Garret, meanwhile, remembers that at the young age of 9 years old, Drew was already “tough as shit”. It sounds like he did the responsible older brother thing of going through a mental checklist to make sure all their ducks were in a row. “The panic didn’t last long,” he tells me, “I remember thinking we had covered all the bases, and all I thought was that we would just keep moving, focusing on each step rather than stress about the unknown.” Something tells me ‘Dad’ was – if not stressed about the unknown – definitely cognizant of it. “Sure enough, eventually we heard a snowmobile off in the distance and up came Dad to save the day.”
This story says a lot about what it was like for Drew and Garret growing up. There was trust, faith, and support all around. Drew kept going because he knew his brother had everything under control. Garret kept going because Drew was nails for a little nine year old. Their father let them go in the first place because he trusted them to take care of each other and make good decisions. And the boys went for it in the first place because they trusted their father’s judgement. “This experience wasn’t too unique for us growing up.” Garret is quick to point out. “The ranch was so huge that it was hard to understand what private, state, or federal borders meant when we moved. We could set out in any direction, and we did. Even more so, our Dad worked every foot of the same country and had confidence in our abilities, and his knowledge of when it would be a good time to step in. This all helped shaped who we are today, allowing us to be comfortable in situations that other folks might feel a little more panic-stricken.”
Following high school, the boys started moving in different directions. Mic went to school in Powell, Wyoming, studying (pragmatically enough) Agricultural Business and Ranch Management. Garret, meanwhile, bounced around majors at University of Montana before finally settling on Photojournalism. Drew was still in high school when he went to visit Garret at school. At the time, Garret had begun to take an interesting in climbing – frequenting the indoor gym and bouldering and toproping. “Anything he did in college, it didn’t matter what it was, I thought it was the coolest thing in the world,” Drew remembers, of the trip. But while climbing with his bro was inspiring, college itself was not. Drew followed Garret’s footsteps to UM – but not for long. “I dropped out because the deadline for the refund was two weeks away, and I’d never been so unhappy in my entire life”. While Garret took a lot of interest early on in the technical finesse of writing and photography, Drew took more immediately to the raw experiences that Garret’s work chronicled, learning photography as it came to him, without more instruction than what his brother provided.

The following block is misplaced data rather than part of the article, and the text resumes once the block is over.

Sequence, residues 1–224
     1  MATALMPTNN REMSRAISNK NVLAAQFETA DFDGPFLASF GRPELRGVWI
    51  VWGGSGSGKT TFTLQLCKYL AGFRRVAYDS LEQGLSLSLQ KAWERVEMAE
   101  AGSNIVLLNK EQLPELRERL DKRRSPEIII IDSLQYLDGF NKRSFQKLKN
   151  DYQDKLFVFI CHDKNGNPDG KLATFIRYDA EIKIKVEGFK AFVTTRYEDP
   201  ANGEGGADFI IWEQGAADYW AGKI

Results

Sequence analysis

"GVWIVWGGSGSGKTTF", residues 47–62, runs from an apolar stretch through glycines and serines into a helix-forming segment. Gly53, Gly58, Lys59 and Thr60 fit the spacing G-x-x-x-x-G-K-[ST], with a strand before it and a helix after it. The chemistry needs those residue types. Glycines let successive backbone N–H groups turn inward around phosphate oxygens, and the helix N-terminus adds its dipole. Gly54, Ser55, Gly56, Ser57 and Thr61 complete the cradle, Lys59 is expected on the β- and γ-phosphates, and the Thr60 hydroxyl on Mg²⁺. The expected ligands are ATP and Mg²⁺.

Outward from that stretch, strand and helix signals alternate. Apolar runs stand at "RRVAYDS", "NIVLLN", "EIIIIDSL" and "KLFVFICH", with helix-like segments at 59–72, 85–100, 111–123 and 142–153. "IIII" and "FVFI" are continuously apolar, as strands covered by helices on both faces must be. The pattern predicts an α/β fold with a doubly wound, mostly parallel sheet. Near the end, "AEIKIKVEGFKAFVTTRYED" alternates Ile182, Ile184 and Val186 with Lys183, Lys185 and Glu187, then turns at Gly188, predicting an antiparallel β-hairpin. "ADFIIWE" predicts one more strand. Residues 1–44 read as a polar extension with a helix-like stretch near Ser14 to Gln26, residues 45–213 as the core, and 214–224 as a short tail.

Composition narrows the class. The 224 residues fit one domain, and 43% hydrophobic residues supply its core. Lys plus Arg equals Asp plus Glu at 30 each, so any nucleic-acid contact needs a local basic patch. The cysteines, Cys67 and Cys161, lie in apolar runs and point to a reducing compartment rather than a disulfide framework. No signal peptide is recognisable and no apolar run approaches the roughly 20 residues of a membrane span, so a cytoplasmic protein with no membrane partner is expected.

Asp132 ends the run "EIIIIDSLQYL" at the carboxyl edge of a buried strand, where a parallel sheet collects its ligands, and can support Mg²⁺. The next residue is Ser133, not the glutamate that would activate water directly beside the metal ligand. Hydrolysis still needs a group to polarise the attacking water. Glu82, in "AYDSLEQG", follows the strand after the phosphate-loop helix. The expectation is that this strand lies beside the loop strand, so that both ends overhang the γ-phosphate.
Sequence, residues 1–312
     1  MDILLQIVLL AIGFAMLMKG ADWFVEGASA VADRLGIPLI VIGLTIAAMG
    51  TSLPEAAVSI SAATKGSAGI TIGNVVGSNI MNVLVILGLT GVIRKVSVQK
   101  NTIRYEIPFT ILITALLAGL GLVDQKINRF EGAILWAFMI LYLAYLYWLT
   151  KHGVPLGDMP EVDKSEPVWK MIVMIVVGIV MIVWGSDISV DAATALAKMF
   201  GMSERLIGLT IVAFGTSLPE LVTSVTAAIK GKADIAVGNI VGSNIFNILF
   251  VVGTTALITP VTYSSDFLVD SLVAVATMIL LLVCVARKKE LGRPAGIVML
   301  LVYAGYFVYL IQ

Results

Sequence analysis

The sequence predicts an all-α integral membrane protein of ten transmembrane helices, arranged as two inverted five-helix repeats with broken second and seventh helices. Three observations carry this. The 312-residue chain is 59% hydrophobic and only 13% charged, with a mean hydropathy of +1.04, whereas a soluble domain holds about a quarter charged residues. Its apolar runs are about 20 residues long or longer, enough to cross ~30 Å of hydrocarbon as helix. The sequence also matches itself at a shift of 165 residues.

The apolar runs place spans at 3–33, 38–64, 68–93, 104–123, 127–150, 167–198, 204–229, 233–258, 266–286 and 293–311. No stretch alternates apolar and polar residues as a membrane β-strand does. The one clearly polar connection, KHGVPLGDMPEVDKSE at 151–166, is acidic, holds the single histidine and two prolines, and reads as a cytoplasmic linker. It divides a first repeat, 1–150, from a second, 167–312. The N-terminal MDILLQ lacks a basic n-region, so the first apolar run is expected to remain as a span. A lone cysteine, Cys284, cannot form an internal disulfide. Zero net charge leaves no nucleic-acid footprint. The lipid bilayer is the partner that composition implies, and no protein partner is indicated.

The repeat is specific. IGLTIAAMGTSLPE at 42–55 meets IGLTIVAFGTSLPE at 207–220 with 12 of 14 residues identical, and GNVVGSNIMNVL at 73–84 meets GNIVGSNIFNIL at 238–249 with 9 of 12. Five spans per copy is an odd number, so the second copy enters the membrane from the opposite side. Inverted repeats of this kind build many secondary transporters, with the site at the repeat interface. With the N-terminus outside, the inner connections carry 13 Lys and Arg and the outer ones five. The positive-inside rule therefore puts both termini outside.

While Garret finished out his degree, Drew wandered from job to job, and place to place. In 2008, he made his way to the Tetons for a winter of ski-bumming. “I was planning on leaving after the winter but had a snowboarding accident, breaking my back for the second time,” Drew explains. “So I decided to stick around for the summer. I got a job at a gear shop and met some climbers who started taking me climbing, and the rest is history. I’ve been addicted ever since.” Right around the same time, Garret finished college, and began catching up on lost time and adventures. The night of graduation, he headed out to Northern California to fight fires. Within a month of being there, he soloed Mount Shasta. With his fire money, he bought a 1987 VW Vanagon, and roadtripped down to Baja solo. With Garret’s schooling finally out of the way, the brothers were reunited – and embarked on a trip to Southeast Asia. After two months, Garret returned home. But true to form, Drew’s wandering ways kept him there another 3 months.
Over the years to come, Drew and Garret’s lives harmonized like guitar strings. The diversity of jobs they’ve both held is so incredible, I’m just going to go ahead and list them. Drew: “Farm Hand, Wild Land Firefigher, Truck Driver, Remote Fish Hatchery Laborer, Commercial Fisherman for Halibut and Salmon, Construction, Building Ski Lifts, Snow Cat Operator, Retail, English teacher in Ecuador, Weed Sprayer, Wilderness Therapy, Park Ranger, Outdoor Education, Mountain Guide, Rope Access, Carpenter.” Garret: “Ski Lift Builder, Ranch Hand, Construction Worker, MTWRC Unit Vehicle Maintenance (and I have no idea what that is), Wildland Firefighter, Carpenter, Alaska Commercial Purse-seine Fisherman, Snow Groomer, Carpenter, USFS Hotshot, Sawyer, Boat Captain, Logger, Lift Mechanic, Photographer and PA, Crew Leader, Sewer”.
From time to time they found themselves together in the same place – and when that happened they were always on adventures. Whether commercial fishing in Southeast Alaska, motorcycling through Cambodia, or climbing and surfing in Ecuador – wherever they went, they tore it up. Together or apart, Drew and Garret always gleaned inspiration from the same source: the life of adventure, nomadism, and artistic expression.